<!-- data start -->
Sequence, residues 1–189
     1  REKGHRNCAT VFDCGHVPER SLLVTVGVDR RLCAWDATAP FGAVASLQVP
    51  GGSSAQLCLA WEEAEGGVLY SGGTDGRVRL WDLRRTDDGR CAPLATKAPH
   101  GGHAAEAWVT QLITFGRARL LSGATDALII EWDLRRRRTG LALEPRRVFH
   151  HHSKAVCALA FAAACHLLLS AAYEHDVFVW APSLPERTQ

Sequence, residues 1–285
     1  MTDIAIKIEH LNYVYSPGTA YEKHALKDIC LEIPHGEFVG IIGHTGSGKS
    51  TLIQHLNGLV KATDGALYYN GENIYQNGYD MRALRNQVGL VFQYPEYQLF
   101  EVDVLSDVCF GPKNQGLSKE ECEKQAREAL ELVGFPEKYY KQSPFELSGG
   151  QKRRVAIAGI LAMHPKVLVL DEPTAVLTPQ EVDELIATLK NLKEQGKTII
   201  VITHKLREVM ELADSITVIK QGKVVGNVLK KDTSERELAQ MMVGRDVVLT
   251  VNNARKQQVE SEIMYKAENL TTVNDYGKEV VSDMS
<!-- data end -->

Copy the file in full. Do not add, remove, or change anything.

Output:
Sequence, residues 1–189
     1  REKGHRNCAT VFDCGHVPER SLLVTVGVDR RLCAWDATAP FGAVASLQVP
    51  GGSSAQLCLA WEEAEGGVLY SGGTDGRVRL WDLRRTDDGR CAPLATKAPH
   101  GGHAAEAWVT QLITFGRARL LSGATDALII EWDLRRRRTG LALEPRRVFH
   151  HHSKAVCALA FAAACHLLLS AAYEHDVFVW APSLPERTQ

Sequence, residues 1–285
     1  MTDIAIKIEH LNYVYSPGTA YEKHALKDIC LEIPHGEFVG IIGHTGSGKS
    51  TLIQHLNGLV KATDGALYYN GENIYQNGYD MRALRNQVGL VFQYPEYQLF
   101  EVDVLSDVCF GPKNQGLSKE ECEKQAREAL ELVGFPEKYY KQSPFELSGG
   151  QKRRVAIAGI LAMHPKVLVL DEPTAVLTPQ EVDELIATLK NLKEQGKTII
   201  VITHKLREVM ELADSITVIK QGKVVGNVLK KDTSERELAQ MMVGRDVVLT
   251  VNNARKQQVE SEIMYKAENL TTVNDYGKEV VSDMS